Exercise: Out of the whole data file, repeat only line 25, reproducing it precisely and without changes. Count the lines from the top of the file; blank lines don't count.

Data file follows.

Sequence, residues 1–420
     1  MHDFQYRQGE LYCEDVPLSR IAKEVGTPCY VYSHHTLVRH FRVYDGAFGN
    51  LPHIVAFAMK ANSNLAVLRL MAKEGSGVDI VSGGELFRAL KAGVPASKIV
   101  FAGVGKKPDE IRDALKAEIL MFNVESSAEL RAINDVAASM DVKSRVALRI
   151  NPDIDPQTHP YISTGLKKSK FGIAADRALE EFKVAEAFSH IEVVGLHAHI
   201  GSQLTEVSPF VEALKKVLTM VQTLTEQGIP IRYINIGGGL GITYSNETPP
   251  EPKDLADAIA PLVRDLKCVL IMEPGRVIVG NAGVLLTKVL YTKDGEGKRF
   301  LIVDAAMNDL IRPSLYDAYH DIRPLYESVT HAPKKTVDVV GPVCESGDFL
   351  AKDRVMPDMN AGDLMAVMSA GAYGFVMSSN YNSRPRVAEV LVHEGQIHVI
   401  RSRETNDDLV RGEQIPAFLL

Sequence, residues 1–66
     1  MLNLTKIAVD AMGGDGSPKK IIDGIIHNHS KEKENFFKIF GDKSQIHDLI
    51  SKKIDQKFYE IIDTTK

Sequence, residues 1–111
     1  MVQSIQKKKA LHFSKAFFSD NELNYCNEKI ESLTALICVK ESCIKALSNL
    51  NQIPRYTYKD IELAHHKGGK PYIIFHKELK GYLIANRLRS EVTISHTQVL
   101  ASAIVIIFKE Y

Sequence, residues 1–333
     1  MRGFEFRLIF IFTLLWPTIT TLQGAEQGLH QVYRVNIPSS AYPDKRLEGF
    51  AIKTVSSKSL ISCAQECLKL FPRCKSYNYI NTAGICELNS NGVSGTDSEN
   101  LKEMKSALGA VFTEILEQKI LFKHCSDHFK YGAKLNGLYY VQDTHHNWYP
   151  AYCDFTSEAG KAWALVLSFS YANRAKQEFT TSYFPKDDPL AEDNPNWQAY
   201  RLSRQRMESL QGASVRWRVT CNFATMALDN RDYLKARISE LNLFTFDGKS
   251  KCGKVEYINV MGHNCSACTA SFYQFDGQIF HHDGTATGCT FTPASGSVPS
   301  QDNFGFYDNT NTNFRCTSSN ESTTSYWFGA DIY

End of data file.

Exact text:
   301  QDNFGFYDNT NTNFRCTSSN ESTTSYWFGA DIY